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What is the value of length n<100 meter of wire?

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What is the value of length n<100 meter of wire? [#permalink]

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What is the value of length n<100 meter of wire?

(1) When divided equal part of 10 meter each, a piece of 5 meter is left.

(2) When divided equal of 6 meter each, a piece of 1 meter is left.
[Reveal] Spoiler: OA

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Re: DS-Length of wire [#permalink]

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LM wrote:
What is the value of length n<100 meter of wire?

1) When divided equal part of 10 meter each, a piece of 5 meter is left.

2) When divided equal of 6 meter each, a piece of 1 meter is left.


What is the value of length n<100 meter of wire?

(1) When divided equal part of 10 meter each, a piece of 5 meter is left --> \(n=10q+5\): 5, 15, 25, ..., 95. Not sufficient.

(2) When divided equal of 6 meter each, a piece of 1 meter is left --> \(n=6p+1\): 1, 7, 13, 19, 25, ..., 97. Not sufficient.

(1)+(2) General formula of \(n\) based on \(n=10q+5\) and \(n=6p+1\) would be \(n=30m+25\) --> \(n\) can be: 25, 55 or 85. Not sufficient.

Answer: E.

To elaborate more. How to derive general formula of \(n\) based on \(n=10q+5\) and \(n=6p+1\): divisor will be the least common multiple of above two divisors 6 and 10, hence 30. Remainder will be the first common integer in above two patterns, hence 25. So, to satisfy both conditions, \(n\) must be of a type \(n=30m+25\): 25, 55 or 85.

For more about this concept see:
manhattan-remainder-problem-93752.html#p721341
when-positive-integer-n-is-divided-by-5-the-remainder-is-90442.html#p722552
when-the-positive-integer-a-is-divided-by-5-and-125591.html#p1028654

Hope it helps.
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Re: What is the value of length n<100 meter of wire? [#permalink]

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New post 25 Jan 2012, 10:27
clear explanation

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Re: DS-Length of wire [#permalink]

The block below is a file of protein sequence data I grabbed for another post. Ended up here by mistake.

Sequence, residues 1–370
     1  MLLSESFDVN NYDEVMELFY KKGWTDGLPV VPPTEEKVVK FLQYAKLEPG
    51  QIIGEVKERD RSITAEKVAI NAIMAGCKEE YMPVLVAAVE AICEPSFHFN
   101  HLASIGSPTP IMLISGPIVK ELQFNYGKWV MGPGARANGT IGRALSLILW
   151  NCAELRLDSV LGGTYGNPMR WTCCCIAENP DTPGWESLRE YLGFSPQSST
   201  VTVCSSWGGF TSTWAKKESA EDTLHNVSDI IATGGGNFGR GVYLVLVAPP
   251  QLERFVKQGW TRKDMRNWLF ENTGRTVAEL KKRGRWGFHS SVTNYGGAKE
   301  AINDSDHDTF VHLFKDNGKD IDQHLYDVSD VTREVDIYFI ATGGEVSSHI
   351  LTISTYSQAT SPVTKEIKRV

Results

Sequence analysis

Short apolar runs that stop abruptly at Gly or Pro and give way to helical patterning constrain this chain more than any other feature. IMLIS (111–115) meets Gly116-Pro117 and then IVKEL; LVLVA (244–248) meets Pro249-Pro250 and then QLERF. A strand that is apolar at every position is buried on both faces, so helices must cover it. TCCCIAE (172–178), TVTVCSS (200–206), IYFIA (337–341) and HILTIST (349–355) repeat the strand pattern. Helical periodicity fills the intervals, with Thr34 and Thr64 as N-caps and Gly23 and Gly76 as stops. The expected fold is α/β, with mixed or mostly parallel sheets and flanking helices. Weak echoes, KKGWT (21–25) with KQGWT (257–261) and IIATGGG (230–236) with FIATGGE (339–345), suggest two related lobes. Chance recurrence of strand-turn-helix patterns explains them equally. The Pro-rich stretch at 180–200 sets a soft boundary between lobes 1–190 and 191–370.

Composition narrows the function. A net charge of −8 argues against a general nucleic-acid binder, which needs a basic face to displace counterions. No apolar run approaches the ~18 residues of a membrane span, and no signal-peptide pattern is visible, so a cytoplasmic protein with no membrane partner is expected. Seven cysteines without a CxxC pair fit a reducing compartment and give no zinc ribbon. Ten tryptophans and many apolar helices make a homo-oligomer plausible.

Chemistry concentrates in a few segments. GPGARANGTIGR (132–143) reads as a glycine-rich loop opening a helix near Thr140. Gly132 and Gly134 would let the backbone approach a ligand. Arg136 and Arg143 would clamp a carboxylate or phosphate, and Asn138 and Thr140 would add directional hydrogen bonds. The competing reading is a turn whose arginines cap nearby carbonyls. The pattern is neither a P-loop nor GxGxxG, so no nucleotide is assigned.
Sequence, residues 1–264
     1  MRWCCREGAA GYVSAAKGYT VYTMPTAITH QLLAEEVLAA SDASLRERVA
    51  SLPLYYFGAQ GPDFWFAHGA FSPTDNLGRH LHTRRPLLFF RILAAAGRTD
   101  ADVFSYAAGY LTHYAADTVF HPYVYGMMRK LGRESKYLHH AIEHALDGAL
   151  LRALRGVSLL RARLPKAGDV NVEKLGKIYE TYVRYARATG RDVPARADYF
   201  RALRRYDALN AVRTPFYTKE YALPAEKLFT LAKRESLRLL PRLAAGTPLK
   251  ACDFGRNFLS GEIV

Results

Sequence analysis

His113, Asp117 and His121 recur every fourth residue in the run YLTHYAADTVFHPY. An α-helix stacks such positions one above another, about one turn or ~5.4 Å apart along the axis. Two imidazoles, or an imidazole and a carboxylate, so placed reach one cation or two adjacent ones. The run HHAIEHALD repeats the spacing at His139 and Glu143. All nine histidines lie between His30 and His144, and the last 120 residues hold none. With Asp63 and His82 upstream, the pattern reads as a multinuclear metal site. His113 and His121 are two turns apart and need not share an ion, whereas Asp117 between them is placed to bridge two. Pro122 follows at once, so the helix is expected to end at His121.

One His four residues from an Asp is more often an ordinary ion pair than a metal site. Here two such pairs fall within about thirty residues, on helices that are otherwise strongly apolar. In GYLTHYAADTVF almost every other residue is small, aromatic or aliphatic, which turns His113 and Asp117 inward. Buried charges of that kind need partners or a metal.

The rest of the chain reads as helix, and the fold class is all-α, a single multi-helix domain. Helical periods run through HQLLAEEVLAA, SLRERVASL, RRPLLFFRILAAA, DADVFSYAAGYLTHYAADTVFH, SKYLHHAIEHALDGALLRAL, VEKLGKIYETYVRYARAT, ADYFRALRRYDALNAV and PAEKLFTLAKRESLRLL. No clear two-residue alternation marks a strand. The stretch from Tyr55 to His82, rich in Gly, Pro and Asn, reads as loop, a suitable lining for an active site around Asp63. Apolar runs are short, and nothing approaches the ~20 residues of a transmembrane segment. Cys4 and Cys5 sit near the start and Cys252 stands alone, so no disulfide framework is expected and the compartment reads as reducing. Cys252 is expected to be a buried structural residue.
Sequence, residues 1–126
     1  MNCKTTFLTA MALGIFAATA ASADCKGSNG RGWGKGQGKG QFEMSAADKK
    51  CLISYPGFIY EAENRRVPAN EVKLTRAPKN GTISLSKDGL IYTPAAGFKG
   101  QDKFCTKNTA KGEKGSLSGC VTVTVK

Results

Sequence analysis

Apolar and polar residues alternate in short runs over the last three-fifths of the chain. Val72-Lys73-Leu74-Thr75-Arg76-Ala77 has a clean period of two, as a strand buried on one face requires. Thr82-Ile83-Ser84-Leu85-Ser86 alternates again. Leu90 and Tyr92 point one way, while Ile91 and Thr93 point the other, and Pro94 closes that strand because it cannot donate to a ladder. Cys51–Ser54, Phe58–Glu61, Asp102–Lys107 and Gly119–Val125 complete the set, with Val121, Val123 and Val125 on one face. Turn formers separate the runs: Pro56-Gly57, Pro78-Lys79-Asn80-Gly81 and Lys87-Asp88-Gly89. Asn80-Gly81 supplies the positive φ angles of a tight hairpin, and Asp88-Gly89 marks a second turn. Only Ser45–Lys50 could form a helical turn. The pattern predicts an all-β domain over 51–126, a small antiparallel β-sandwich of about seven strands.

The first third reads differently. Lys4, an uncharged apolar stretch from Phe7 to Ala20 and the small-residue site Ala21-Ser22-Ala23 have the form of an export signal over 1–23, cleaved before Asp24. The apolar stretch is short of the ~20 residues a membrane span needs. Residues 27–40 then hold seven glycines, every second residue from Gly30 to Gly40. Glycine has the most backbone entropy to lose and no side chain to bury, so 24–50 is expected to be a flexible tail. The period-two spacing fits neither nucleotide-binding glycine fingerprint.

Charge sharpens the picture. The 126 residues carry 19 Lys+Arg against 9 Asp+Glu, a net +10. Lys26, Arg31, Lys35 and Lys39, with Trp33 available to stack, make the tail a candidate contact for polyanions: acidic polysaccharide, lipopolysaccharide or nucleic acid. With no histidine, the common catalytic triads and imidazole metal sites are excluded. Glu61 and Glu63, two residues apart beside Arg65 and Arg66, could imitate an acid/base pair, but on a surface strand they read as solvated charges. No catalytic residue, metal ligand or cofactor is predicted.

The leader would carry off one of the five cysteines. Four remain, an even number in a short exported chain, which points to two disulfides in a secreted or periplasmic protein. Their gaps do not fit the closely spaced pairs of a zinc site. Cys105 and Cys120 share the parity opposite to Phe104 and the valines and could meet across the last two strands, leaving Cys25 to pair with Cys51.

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New post 25 Jan 2012, 20:39
Bunuel wrote:
LM wrote:
What is the value of length n<100 meter of wire?

1) When divided equal part of 10 meter each, a piece of 5 meter is left.

2) When divided equal of 6 meter each, a piece of 1 meter is left.


What is the value of length n<100 meter of wire?

(1) When divided equal part of 10 meter each, a piece of 5 meter is left --> \(n=10q+5\): 5, 15, 25, ..., 95. Not sufficient.

(2) When divided equal of 6 meter each, a piece of 1 meter is left --> \(n=6p+1\): 1, 7, 13, 19, 25, ..., 97. Not sufficient.

(1)+(2) General formula of \(n\) based on \(n=10q+5\) and \(n=6p+1\) would be \(n=30m+25\) --> \(n\) can be: 25, 55 or 85. Not sufficient.

Answer: E.

To elaborate more. How to derive general formula of \(n\) based on \(n=10q+5\) and \(n=6p+1\): divisor will be the least common multiple of above two divisors 6 and 10, hence 30. Remainder will be the first common integer in above two patterns, hence 25. So, to satisfy both conditions, \(n\) must be of a type \(n=30m+25\): 25, 55 or 85.

For more about this concept see:
manhattan-remainder-problem-93752.html#p721341
when-positive-integer-n-is-divided-by-5-the-remainder-is-90442.html#p722552
when-the-positive-integer-a-is-divided-by-5-and-125591.html#p1028654

Hope it helps.


To elaborate more. How to derive general formula of \(n\) based on \(n=10q+5\) and \(n=6p+1\): divisor will be the least common multiple of above two divisors 6 and 10, hence 30. Remainder will be the first common integer in above two patterns, hence 25. So, to satisfy both conditions, \(n\) must be of a type \(n=30m+25\): 25, 55 or 85.

Thanks very much. Above would have been very difficult to figure out in the real exam.

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Re: What is the value of length n<100 meter of wire? [#permalink]

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New post 11 Aug 2013, 09:36